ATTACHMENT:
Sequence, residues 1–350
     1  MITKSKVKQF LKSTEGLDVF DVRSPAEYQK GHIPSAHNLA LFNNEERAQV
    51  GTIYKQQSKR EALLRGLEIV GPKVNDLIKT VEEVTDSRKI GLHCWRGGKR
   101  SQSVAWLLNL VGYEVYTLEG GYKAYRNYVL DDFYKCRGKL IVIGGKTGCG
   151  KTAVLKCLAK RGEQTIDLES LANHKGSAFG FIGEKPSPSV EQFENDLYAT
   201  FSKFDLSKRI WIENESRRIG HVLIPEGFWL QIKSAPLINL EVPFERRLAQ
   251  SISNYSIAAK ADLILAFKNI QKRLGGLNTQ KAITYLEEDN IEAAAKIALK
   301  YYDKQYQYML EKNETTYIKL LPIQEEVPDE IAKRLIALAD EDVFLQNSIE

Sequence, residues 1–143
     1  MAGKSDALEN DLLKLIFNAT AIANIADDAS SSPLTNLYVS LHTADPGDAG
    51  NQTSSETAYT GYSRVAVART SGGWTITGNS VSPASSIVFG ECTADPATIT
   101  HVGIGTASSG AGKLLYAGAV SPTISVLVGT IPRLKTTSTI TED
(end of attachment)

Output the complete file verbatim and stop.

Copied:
Sequence, residues 1–350
     1  MITKSKVKQF LKSTEGLDVF DVRSPAEYQK GHIPSAHNLA LFNNEERAQV
    51  GTIYKQQSKR EALLRGLEIV GPKVNDLIKT VEEVTDSRKI GLHCWRGGKR
   101  SQSVAWLLNL VGYEVYTLEG GYKAYRNYVL DDFYKCRGKL IVIGGKTGCG
   151  KTAVLKCLAK RGEQTIDLES LANHKGSAFG FIGEKPSPSV EQFENDLYAT
   201  FSKFDLSKRI WIENESRRIG HVLIPEGFWL QIKSAPLINL EVPFERRLAQ
   251  SISNYSIAAK ADLILAFKNI QKRLGGLNTQ KAITYLEEDN IEAAAKIALK
   301  YYDKQYQYML EKNETTYIKL LPIQEEVPDE IAKRLIALAD EDVFLQNSIE

Sequence, residues 1–143
     1  MAGKSDALEN DLLKLIFNAT AIANIADDAS SSPLTNLYVS LHTADPGDAG
    51  NQTSSETAYT GYSRVAVART SGGWTITGNS VSPASSIVFG ECTADPATIT
   101  HVGIGTASSG AGKLLYAGAV SPTISVLVGT IPRLKTTSTI TED